Nuclear energy is a relatively minor industry with major problems. It covers just one sixteenth of the world’s primary energy consumption, a share set to decline over the coming decades. The average age of operating commercial nuclear reactors is 23 years, so more power stations are being shut down than started up. In 2008, world nuclear production fell by 2% compared to 2006, and the number of operating reactors as of January 2010 was 436, eight less than at the historical peak of 2002. In terms of new power stations, the amount of nuclear capacity added annually between 2000 and 2009 was on average 2,500 MWe. This was six times less than wind power (14,500 MWe per annum between 2000 and 2009). In 2009, 37,466 MW of new wind power capacity was added globally to the grid, compared to only 1,068 MW of nuclear. This new wind capacity will generate as much electricity as 12 nuclear reactors; the last time the nuclear industry managed to add this amount of new capacity in a single year was in 1988. Despite the rhetoric of a ‘nuclear renaissance’, the industry is struggling with a massive increase in costs and construction delays as well as safety and security problems linked to reactor operation, radioactive waste and nuclear proliferation. The dangers of nuclear power Although the generation of electricity through nuclear power produces much less carbon dioxide than fossil fuels, there are multiple threats to people and the environment from its operations. The main risks are: • Nuclear proliferation • Nuclear waste • Safety risks

images left to right 1. DSUNUSOVA GULSUM (43) IS SUFFERING FROM A BRAIN TUMOUR. SHE LIVES IN THE NUCLEAR BOMB TESTING AREA IN THE EAST KAZAKH REGION OF KAZAKHSTAN. 2. HIGH MARNHAM COAL-FIRED POWER STATION ON THE RIVER TRENT IN NOTTINGHAMSHIRE, UK.

© ROBERT KNOTH/GP

BY 2020, UNDER THE ENERGY [R]EVOLUTION SCENARIO THE GLOBAL SHARE OF NUCLEAR ELECTRICITY ENERGY DROPS FROM TODAY’S 14% DOWN TO 7%. AFTER 2030 THE SHARE IS ONLY 1%.

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© I. BRACEGIRDLE/DREAMSTIME

© DMYTRO/DREAMSTIME

we must take action now!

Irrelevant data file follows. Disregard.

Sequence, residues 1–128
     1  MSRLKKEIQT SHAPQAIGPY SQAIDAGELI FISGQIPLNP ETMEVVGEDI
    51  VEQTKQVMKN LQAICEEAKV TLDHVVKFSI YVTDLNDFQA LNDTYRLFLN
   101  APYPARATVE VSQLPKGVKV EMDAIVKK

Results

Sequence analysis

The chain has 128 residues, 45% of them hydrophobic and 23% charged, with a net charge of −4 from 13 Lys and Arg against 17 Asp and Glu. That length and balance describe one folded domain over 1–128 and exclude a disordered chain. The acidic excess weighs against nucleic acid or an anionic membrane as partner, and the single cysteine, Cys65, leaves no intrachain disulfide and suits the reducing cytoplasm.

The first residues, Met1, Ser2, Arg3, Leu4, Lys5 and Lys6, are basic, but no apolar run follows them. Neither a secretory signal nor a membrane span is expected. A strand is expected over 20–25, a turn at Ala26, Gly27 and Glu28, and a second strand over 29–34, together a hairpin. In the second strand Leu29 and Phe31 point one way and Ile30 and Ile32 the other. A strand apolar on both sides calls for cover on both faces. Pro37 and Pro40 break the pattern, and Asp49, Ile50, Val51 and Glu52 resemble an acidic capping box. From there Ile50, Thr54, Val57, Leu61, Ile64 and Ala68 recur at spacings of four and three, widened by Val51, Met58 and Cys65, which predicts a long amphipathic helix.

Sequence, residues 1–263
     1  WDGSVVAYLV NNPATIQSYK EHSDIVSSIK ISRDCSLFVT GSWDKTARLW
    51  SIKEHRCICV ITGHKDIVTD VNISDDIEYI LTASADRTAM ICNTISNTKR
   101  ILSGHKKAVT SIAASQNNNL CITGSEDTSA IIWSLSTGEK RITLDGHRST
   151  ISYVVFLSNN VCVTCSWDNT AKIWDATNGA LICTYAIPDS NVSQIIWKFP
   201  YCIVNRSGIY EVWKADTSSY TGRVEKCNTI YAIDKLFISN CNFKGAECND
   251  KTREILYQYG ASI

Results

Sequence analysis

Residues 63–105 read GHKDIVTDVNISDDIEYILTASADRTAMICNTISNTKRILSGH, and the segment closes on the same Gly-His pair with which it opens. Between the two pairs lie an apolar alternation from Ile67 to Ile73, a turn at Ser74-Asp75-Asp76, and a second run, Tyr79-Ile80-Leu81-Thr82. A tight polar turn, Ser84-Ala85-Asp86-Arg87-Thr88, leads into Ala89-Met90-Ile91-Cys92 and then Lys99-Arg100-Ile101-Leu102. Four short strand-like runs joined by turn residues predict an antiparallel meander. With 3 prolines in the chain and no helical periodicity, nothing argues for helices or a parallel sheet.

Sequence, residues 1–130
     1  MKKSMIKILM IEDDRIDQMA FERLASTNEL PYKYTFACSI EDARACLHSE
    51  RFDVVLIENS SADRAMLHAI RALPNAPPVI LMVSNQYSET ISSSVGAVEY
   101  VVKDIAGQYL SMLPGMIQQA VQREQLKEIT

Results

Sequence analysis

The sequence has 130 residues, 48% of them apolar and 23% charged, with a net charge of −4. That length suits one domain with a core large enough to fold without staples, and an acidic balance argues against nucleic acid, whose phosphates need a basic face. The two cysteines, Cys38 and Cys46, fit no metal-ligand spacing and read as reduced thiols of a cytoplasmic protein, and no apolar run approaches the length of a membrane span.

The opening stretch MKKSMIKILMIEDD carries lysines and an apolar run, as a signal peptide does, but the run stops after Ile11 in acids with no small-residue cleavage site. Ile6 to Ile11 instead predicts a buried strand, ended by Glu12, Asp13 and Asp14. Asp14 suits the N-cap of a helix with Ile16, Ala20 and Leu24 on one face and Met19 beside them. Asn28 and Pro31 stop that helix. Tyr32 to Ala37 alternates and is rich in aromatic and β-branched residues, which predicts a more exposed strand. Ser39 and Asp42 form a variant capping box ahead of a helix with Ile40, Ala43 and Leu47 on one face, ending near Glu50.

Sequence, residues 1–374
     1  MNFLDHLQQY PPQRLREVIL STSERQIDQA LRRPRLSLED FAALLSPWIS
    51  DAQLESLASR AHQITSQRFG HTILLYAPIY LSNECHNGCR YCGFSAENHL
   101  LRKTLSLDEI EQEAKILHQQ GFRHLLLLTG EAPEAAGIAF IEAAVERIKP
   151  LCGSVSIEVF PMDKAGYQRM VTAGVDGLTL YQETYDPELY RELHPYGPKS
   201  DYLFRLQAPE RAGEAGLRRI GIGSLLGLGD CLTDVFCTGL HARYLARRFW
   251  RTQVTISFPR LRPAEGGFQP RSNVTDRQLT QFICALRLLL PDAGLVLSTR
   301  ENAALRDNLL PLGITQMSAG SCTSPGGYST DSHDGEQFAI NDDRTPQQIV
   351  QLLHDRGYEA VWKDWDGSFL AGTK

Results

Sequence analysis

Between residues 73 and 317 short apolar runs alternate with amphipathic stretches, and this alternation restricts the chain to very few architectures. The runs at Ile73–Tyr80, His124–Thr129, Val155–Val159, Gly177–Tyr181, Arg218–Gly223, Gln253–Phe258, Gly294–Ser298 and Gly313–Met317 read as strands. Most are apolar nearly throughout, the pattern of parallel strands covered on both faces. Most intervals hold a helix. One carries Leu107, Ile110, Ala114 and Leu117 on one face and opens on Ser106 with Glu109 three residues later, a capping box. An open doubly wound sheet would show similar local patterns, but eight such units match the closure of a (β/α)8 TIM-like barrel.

Governments around the world must to show they are serious about climate change by acting now to bring about an Energy [R]evolution. We need our global leaders to: 1. Phase out all subsidies for fossil fuels and nuclear energy 2. Internalise the external (social and environmental) costs of energy production through “cap and trade” emissions trading 3. Mandate strict efficiency standards for all energy consuming appliances, buildings and vehicles 4. Establish legally binding targets for renewable energy and combined heat and power generation 5. Reform the electricity markets by guaranteeing priority access to the grid for renewable power generators 6. Provide defined and stable returns for investors, for example by feed-in tariff programmes 7. Increase research and development budgets for renewable energy and energy efficiency

you can make it happen
Get active For a full copy of the report and a chance to join the revolution go to: www.greenpeace.org/energyrevolution
Note: The Energy [R]evolution report published in June 2010 has 2 different energy [r]evolution scenarios. A moderate one with a global target of reducing 50% energy related CO2 globally by 2050 and an advanced one with a target of over 80% CO2 reduction (Basis 1990 level) In this publication we only present the results of the advanced energy [r]evolution scenario.
STANDBY POWER IS WASTED POWER. GLOBALLY, WE HAVE 50 DIRTY POWER PLANTS RUNNING JUST FOR OUR WASTED STANDBY POWER.
© M. DIETRICH/DREAMSTIME

Help us Greenpeace is an independent campaigning organisation. We do not accept money from government or corporations. That’s why our financial supporters are our lifeblood, To find out more go to: www.greenpeace.org/international/supportus
project manager and lead author: Sven Teske, Greenpeace International research & co-authors: DLR, Institute of Technical Thermodynamics, Department of Systems Analysis and Technology Assessment, Stuttgart, Germany: Dr. Wolfram Krewitt (†), Dr. Thomas Pregger, Dr. Sonja Simon, Dr. Tobias Naegler, Ecofys BV, Utrecht, The Netherlands: Wina Graus, Eliane Blomen online version of the full Energy [R]evolution scenario: www.energyblueprint.info editor: Alexandra Dawe design & layout: onehemisphere, Sweden printing: PrimaveraQuint, The Netherlands cover image: © Paul Langrock/ Zenit/Greenpeace contact: sven.teske@greenpeace.org, or info@greenpeace.org June 2010.